Americans are mad as hell. Results of a survey sponsored by Esquire and NBC News and published Sunday indicated half of the U.S. is angrier than it was last year. And the rage appears to transcend class, gender, race and sexual orientation.

Sixty-eight percent of those polled said they hear or read something in the news that makes them angry either “once a day” or “a few times a day.” That encompasses 73 percent of whites, 66 percent of Hispanics and 56 percent of blacks.

Most respondents said they do not believe the American dream — the idea that if you work hard, you’ll get ahead — is alive today. Fifty-two percent said it “once held true but does not anymore,” 36 percent said it still holds true and 11 percent said it never did. African-Americans were slightly more likely than either whites or Hispanics to believe the dream lives on.

Among other indicators of an enraged population: Fifty-four percent of those surveyed said they’re in a worse financial position than they thought they’d be when they were younger, while just 22 percent said they’re better than off than they once imagined they would be.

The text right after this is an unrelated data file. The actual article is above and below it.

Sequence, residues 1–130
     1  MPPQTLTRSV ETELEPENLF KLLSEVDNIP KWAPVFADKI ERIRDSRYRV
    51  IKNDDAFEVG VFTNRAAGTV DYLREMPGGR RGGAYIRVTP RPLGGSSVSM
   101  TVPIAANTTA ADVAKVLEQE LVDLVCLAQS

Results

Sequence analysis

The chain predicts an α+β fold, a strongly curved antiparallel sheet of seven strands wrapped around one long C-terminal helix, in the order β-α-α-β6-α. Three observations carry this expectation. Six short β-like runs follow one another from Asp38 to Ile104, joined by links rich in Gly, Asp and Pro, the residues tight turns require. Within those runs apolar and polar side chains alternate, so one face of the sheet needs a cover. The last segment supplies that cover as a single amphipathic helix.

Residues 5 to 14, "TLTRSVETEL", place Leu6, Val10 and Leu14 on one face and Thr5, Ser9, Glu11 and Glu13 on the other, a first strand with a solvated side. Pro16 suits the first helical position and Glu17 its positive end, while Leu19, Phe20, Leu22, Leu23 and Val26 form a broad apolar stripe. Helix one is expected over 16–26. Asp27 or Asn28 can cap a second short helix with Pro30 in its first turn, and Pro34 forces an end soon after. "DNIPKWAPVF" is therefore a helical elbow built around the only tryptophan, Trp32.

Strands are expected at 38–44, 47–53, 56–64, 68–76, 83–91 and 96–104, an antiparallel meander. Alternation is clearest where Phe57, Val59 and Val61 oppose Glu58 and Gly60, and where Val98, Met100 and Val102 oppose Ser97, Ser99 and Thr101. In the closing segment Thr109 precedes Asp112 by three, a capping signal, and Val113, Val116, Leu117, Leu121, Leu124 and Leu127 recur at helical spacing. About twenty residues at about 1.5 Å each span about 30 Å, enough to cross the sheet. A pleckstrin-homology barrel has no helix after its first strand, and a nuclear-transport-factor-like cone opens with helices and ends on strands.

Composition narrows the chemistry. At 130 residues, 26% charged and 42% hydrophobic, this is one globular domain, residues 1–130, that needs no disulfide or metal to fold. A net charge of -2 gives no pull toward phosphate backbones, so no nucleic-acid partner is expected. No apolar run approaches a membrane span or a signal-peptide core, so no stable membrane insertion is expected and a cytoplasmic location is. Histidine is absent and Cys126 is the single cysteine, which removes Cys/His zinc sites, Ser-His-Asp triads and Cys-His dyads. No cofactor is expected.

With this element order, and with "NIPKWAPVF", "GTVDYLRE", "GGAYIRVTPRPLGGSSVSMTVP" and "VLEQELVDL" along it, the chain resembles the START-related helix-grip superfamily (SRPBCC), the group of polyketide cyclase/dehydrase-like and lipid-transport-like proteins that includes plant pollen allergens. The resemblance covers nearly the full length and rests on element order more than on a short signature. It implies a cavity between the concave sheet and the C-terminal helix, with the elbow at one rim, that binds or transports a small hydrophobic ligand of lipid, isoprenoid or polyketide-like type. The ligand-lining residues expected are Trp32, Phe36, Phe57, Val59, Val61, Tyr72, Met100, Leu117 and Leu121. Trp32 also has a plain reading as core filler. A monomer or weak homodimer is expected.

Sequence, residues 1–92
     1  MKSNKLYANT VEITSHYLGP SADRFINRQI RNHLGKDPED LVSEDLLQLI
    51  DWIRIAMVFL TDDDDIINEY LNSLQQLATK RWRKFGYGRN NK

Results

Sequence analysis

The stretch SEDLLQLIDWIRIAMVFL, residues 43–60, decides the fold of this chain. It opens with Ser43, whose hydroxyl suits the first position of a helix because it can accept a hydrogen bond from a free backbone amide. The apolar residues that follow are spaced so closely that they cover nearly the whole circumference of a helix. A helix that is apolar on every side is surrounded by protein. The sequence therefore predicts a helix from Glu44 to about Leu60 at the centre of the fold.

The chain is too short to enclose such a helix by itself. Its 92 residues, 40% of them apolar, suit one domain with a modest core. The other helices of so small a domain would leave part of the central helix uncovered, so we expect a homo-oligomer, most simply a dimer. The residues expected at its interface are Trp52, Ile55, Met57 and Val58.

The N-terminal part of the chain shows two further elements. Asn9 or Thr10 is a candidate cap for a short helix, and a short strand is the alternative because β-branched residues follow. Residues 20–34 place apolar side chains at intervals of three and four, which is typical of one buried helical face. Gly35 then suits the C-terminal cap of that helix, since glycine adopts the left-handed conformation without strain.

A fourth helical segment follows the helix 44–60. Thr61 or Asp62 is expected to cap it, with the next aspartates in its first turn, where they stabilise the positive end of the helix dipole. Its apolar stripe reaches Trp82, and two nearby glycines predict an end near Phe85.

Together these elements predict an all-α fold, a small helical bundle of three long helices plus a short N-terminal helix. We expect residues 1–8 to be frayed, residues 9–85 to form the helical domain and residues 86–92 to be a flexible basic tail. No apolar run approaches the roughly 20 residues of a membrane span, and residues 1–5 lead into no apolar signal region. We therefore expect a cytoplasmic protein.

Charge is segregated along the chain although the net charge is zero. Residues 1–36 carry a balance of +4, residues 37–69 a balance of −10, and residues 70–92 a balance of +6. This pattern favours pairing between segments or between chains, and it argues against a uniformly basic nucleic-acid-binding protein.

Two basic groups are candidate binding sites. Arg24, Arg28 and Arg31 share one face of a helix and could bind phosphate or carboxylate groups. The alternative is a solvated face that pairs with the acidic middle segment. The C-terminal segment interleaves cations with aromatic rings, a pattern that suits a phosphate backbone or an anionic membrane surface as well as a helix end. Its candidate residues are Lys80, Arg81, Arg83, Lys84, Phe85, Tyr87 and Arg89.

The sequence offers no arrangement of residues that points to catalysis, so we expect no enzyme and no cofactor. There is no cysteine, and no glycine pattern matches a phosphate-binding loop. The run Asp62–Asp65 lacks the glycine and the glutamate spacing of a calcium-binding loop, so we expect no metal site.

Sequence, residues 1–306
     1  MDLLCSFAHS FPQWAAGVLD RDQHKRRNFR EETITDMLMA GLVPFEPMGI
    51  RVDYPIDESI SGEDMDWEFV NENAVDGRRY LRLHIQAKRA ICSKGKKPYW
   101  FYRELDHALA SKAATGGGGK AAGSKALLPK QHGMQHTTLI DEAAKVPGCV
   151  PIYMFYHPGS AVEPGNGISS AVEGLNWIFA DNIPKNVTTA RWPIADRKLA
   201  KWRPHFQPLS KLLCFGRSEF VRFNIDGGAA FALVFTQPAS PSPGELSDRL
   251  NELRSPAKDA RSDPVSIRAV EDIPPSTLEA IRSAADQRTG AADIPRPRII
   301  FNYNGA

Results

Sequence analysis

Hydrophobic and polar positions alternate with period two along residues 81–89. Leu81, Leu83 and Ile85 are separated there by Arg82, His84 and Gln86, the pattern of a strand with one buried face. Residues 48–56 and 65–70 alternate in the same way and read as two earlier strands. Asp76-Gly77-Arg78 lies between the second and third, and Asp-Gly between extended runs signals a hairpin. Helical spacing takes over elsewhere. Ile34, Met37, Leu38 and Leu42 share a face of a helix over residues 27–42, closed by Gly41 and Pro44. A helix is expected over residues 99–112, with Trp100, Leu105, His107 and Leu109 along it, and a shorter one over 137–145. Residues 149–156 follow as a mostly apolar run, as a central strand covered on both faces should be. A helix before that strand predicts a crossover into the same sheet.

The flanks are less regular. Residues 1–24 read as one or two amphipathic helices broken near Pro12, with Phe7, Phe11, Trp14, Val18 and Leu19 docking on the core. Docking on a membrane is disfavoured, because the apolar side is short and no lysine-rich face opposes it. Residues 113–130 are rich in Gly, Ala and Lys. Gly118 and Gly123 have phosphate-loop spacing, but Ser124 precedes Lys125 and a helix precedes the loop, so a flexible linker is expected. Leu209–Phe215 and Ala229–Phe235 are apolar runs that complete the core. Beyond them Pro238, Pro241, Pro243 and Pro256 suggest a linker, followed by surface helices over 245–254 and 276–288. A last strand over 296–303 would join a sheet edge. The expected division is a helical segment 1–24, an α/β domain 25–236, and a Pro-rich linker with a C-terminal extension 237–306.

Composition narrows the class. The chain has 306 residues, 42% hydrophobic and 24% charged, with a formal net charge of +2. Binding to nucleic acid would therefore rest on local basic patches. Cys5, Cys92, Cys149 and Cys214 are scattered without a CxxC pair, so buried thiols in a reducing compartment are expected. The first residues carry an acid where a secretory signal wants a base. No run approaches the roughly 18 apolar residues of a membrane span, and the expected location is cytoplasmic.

Almost three-quarters of those polled said the gap between the wealthy and everybody else is getting larger. In this group, 18 percent blamed Wall Street for the growing divide, 17 percent blamed “capitalism in general” and 17 percent pointed to “globalization and jobs going overseas.”

The survey also asked respondents for their reactions to a series of imaginary stories. Whites and Hispanics were more likely than blacks to be angry about a mock headline about comedian Bill Cosby being “cleared of all charges.” Meanwhile, African-Americans were more likely than whites and Hispanics to be enraged about a story involving a police shooting of an unarmed black man. And whites were more likely than blacks and Hispanics to be mad about a headline showing a surge in the Hispanic population.

The NBC News/SurveyMonkey/Esquire Online Poll was conducted Nov. 20-24, with a national sample of 3,257 adults ages 18 and over. Its margins of error ranged between 2.2 and 7.4 percentage points, depending on the grouping.